For this edition of West Side Lives, we’ll publishing an insightful interview with Arturo Carillo by our friends at City Bureau. 

Less than a decade ago, former Gov. Pat Quinn gutted $114 million in general revenue funding for mental health in the state’s budget and closed three state-run mental health facilities. In 2012, then-Mayor Rahm Emanuel pulled a similar stunt, shutting down six of the city’s 12 public mental health clinics. Four of them were located on the South Side

Around that time, Arturo Carrillo, a licensed social worker, was leading Saint Anthony Hospital’s free mental health program. He had already seen how a lack of resources on the West Side impacted a community with growing needs. But with deep fiscal cuts, that hole grew even bigger. The problem swung like a pendulum: More and more clients were walking into Saint Anthony, while the city laid off social workers and mental health professionals. 

“I can’t imagine how many other people just ended up falling through the cracks after that,” says Carrillo, now a director of health initiatives and violence prevention at the Brighton Park Neighborhood Council. He is also a coordinator at the Collaborative for Community Wellness (CCW), an advocacy group for mental health professionals, local organizations and residents. 

Throughout the years, Carrillo has joined other public health advocates and local activists in the fight to not only reopen those clinics but create more programs, especially for Black and brown residents. That fight has now wedged itself in the middle of a critical moment, as the city faces financial hardship from the COVID-19 pandemic and public outcry to defund the Chicago Police Department. 

Mayor Lori Lightfoot recently unveiled plans to launch a 911 co-responder model where police and mental health workers would answer certain calls as a part of the city’s 2021 budget proposal. It’s a model that Carrillo and other leaders at CCW don’t support.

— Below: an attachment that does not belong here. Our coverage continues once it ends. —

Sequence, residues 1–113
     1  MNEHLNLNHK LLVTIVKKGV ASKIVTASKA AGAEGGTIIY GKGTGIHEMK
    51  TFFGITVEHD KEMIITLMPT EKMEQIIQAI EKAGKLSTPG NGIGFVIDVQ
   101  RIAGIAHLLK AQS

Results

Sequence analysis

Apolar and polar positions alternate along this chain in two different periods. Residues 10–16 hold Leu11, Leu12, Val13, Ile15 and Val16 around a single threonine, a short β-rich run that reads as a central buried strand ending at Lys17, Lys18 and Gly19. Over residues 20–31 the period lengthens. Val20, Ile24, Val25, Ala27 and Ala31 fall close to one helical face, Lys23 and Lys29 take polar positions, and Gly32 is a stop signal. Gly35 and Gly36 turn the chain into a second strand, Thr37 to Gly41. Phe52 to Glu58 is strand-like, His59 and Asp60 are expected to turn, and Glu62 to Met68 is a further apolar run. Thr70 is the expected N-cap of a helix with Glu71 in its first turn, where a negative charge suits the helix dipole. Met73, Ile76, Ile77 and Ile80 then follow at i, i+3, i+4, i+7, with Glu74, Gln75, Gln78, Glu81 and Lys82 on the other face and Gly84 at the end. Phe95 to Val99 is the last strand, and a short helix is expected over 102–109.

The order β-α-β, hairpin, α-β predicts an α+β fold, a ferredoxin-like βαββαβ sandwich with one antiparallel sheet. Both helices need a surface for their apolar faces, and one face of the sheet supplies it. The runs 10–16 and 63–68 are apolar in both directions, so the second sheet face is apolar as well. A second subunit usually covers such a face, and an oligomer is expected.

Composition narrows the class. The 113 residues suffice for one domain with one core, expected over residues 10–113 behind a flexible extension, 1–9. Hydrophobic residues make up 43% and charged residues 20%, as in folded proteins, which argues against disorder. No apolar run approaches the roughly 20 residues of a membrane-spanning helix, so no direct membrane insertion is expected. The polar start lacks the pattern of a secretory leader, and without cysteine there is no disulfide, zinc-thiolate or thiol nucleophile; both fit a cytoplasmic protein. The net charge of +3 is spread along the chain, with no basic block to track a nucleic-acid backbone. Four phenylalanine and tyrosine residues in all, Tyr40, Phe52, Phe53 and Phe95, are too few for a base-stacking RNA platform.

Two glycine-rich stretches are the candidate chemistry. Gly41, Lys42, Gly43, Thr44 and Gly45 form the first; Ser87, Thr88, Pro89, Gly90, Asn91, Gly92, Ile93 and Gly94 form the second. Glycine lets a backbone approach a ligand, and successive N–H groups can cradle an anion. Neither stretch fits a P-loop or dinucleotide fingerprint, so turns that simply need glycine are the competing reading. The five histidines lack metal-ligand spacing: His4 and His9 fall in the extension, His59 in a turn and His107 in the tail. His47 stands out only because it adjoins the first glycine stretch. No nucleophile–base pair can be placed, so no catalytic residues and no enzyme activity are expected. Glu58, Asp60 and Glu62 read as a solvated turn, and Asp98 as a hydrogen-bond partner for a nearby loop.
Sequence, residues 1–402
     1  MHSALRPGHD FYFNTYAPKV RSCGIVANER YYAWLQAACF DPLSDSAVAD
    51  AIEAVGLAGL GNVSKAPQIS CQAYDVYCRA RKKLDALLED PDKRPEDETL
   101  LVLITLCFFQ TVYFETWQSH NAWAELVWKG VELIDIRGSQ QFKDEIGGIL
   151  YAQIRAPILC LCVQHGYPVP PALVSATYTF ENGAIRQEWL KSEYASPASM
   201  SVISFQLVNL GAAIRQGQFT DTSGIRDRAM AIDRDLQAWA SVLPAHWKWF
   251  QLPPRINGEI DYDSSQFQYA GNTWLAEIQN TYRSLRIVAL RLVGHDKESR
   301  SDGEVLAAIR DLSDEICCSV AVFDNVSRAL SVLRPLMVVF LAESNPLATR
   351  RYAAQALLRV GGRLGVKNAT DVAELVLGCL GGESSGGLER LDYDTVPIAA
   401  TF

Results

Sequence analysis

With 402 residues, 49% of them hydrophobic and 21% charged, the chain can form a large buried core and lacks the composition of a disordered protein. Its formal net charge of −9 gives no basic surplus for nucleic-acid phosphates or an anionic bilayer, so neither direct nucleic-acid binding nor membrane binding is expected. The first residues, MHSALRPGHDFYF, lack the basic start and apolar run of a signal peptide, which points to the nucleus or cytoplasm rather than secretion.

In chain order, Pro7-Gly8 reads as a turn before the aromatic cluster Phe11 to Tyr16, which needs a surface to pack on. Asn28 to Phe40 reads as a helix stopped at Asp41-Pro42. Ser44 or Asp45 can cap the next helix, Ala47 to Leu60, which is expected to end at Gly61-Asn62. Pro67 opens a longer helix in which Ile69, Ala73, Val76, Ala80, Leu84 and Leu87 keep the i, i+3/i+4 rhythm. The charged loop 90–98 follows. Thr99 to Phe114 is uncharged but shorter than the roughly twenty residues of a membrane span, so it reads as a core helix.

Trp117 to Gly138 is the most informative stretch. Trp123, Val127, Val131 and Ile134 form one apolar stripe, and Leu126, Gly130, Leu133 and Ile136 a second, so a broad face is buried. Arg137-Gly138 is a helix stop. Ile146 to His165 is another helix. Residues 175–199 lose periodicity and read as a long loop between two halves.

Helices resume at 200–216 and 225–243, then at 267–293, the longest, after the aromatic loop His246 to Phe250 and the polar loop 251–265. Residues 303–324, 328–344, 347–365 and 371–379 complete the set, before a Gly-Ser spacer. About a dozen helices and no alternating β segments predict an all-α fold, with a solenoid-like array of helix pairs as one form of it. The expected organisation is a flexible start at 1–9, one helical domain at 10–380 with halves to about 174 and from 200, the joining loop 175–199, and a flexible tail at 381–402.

“Having a police vehicle and a police officer show up to the scene immediately escalates a situation,” he explains. 

City Bureau spoke to Carrillo about the decade-long battle for more city-run mental health clinics and why he believes investing in mental health may just be the plan to save the city’s people. This conversation has been edited and condensed.

Saint Anthony Hospital’s Community Wellness Programs offer free mental health services to Chicago’s West and Southwest Side. What are the greatest mental health needs in those areas?

The common denominator in Black and brown communities on the West and Southwest side is exposure to trauma, poverty and life circumstances that lead from one crisis to another without actually receiving support when people need it.

At Saint Anthony with those 12 staff, it felt like we were plugging an enormous hole with our thumb. It was great to be there and build the program at Saint Anthony—and develop clinicians who could serve in these communities. But ultimately, the problem was bigger than what any one organization could do to address. 

When former Mayor Emanuel closed six of 12 city-run mental health clinics in 2012, what was the short-term and long-term impact?

Short-term effects were—there were lives lost. People died as a result of that decision. Many of the people who needed that care lost it, and in some cases ended up losing their lives. The other short-term effect was that a lot of people fell through the cracks. There was no real systematic way of tracking where people were being referred to or how those people were going to receive services.

What we’re seeing with the long-term consequences are that when you do not have a proper investment in the public infrastructure necessary to address this enormous situation and you rely exclusively on the private sector, including the nonprofits, you end up having this messy patchwork of incomplete services. 

Why is it important to reopen these clinics?